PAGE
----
Born DECEMBER 2, 1860To some in England, the very thought of it was a social scandal. How could seven talented young men of wealth and influence set aside their social privilege to go to China as missionaries? Among the young men dubbed the “Cambridge Seven” was Charles Studd, England’s most celebrated cricket player. His story is about much more than what he left behind.
Charles and his two brothers all played cricket while attending Eaton College. Charles served as team captain. Later, while attending Cambridge, Charles became renowned as England’s best at the sport. He enjoyed the celebrity of national fame. But the feeling didn’t last.The three brothers all had a conversion experience while attending Eaton. For Charles however, the world’s attractions glittered more brightly than pursuing spiritual disciplines. After college, Charles visited his brother George, whom he believed was dying. Long periods of time at his sibling’s bedside revealed that George, unlike Charles, loved God with all his heart. The famous cricketer re-evaluated his life’s priorities. He chose like George, to live for Jesus rather than himself.
To the surprise of many, the celebrated athlete joined another elite group. Charles and six other young men from Cambridge chose foreign missions as their life calling. Once the public recovered from the initial shock, they hailed the Cambridge Seven as heroes for their willingness to give up so much. Their example of sacrifice contributed to a fresh enthusiasm for missions in the United Kingdom and the United States. In America, it led to the formation of The Student Volunteer Movement.
SERVING CHINAThe seven young men joined the Inland China mission to work with Hudson Taylor. They embarked to China in 1885. Following Hudson’s example, the new missionaries donned Chinese clothes and wore their hair in pigtails.
In December of that year, on Charles’ 25th birthday, his large inheritance kicked in. He decided to give it all away. He donated portions of it to D. L. Moody’s ministry, to George Muller’s orphanage work, and to William Booth’s Salvation Army. By then Charles had met female missionary, Priscilla Stewart. Whey they married in 1888, she fully supported his view of living by faith rather than by inheritance.
Eventually, poor health for both Charles and Priscilla sent them back to England. But after awhile, Charles toured the United States on behalf of the Student Volunteer Movement, promoting missions on various university campuses. His health improved. Charles and Priscilla returned to the mission field, but not to China.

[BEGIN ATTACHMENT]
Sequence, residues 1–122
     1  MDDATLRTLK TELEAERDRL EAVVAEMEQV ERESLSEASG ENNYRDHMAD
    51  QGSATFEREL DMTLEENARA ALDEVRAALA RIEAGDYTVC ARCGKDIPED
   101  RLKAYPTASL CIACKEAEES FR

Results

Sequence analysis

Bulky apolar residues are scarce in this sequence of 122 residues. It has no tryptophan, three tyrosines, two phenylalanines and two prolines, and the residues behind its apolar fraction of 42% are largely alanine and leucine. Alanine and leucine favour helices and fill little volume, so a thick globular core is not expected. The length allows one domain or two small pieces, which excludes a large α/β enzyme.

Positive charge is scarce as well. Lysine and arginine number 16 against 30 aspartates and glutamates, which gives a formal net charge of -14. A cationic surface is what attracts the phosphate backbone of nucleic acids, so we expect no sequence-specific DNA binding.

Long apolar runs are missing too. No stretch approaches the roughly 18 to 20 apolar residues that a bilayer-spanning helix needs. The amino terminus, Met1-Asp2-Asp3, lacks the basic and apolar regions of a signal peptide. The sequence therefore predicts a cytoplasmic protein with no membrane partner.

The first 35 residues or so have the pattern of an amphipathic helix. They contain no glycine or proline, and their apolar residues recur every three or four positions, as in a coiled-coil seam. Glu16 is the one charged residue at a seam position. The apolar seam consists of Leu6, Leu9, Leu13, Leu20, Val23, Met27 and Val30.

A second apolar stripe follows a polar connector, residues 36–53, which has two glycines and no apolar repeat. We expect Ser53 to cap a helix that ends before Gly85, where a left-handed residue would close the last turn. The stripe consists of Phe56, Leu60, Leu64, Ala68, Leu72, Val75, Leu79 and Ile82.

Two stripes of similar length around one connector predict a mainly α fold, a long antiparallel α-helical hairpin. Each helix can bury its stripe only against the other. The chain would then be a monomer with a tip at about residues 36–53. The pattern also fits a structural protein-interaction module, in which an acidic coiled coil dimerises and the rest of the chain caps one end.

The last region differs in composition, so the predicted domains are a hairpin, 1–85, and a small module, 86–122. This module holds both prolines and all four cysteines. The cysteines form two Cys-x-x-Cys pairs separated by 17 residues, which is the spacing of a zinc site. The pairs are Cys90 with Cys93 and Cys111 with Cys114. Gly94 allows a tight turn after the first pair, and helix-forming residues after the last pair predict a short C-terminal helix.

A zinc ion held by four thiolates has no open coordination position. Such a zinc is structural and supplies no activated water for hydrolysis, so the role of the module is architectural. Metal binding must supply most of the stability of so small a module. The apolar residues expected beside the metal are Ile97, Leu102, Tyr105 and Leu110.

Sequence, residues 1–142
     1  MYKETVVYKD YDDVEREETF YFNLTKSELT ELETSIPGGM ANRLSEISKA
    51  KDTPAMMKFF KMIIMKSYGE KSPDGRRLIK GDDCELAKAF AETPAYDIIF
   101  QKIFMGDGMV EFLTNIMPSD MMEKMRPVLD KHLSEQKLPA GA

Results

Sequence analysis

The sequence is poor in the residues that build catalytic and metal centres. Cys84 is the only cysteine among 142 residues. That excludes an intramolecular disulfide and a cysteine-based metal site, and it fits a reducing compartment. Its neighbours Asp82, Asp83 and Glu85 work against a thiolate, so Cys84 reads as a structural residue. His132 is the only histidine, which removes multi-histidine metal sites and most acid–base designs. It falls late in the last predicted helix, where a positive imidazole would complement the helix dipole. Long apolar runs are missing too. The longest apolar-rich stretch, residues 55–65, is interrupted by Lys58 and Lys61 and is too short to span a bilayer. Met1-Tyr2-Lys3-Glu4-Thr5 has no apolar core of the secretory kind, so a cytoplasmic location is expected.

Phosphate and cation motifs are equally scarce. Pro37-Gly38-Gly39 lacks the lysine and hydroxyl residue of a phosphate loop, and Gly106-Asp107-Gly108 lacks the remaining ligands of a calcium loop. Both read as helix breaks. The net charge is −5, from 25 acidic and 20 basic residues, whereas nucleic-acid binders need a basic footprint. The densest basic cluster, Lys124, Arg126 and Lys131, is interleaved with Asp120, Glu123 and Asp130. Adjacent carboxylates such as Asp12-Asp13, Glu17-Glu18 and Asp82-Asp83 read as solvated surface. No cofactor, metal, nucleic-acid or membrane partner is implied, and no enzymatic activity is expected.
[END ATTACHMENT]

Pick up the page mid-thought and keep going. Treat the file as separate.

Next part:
They established a ministry in India. That ended when Charles’ asthma attacks became too severe. His family resettled in England in 1906. But Charles became restless. He believed there was more for him to do. A plea for missionaries to Africa caught his attention. Charles saw serving God there as the next phase of his life. Doctors warned him that the climate would be dangerous to his asthma. He took a trip to find out.Charles visited the continent in 1909. He returned to England determined to re- locate in Africa. First, he traveled again to the United States, this time on behalf of the African Inland Mission to recruit university students.
In 1910, Charles moved to Africa, where he started the Heart of Africa Mission. God blessed his work with the conversion of many tribesmen to Christianity.
TO ALL THE WORLD
After God’s blessing on his work in Africa, Charles sensed that his mission field should expand to other continents. In 1922, he changed the organization’s name to Worldwide Evangelization Crusade (WEC today). It currently has a presence in about 50 countries around the world.
Rescuing a dying world consumed Charles. He made statements against soft Christians (whom he referred to as “chocolate soldiers”). He once expressed his desire to reach the lost by saying “Some want to live within the sound of a church or chapel bell; I want to run a rescue shop within a yard of hell.”Charles did surrender everything to God’s service, including his comfort, his wealth, and eventually his health. He died in the Belgian Congo on July 16, 1931. He was buried there. About 2,000 tribesmen ignored the heavy rain to attend his funeral.
GOD’S IMPERFECT SERVANTCharles once said, “If Jesus Christ be God and died for me, then no sacrifice can be too great for me to make for Him.” While Charles’ zeal to serve God is commendable, not all of the sacrifices he made are examples for God’s servants to follow. He remained focused on his mission while risking the loss of his family, his health, and his supporters. While in America, recruiting missionary candidates as well as while preaching in Africa, the months away from his family became years. In his final months of worsening health, he relied on more morphine than was normal. He also disagreed and argued with co-workers to the loss of some. We can be inspired by C. T. Studd’s example of valuing God’s riches over this world’s riches. We should, however, take as a warning his willingness to sacrifice health and family and friends.
L4G——————————L4G——————————-L4G LET ME KNOW: How has Charles’ story informed, encouraged, or otherwise helped you? I welcome your comments.
- Hanks, Geoffrey. 70 Great Christians. Scotland, UK: Christian Focus Publications, 2000.
- Larsen, Timothy, ed. Biographical Dictionary of Evangelicals. Downers Grove, Illinois: InterVarsity Press, 2003.
- Woodbridge, John D., ed. More Than Conquerors. Chicago, IL: Moody, 1992.
Here’s a list of books about Chrales at Amazon.com: http://www.amazon.com/s/ref=nb_sb_ss_i_0_11?url=search-alias%3Dstripbooks&field-keywords=c.+t.+studd&sprefix=C.+T.+Studd%2Cstripbooks%2C422.
- Various biographical resources: http://www.wholesomewords.org/biography/biorpstudd.html.
- Worldwide Evangelization Crusade: http://www.wecinternational.org.uk/.
YouTube videos about Charles-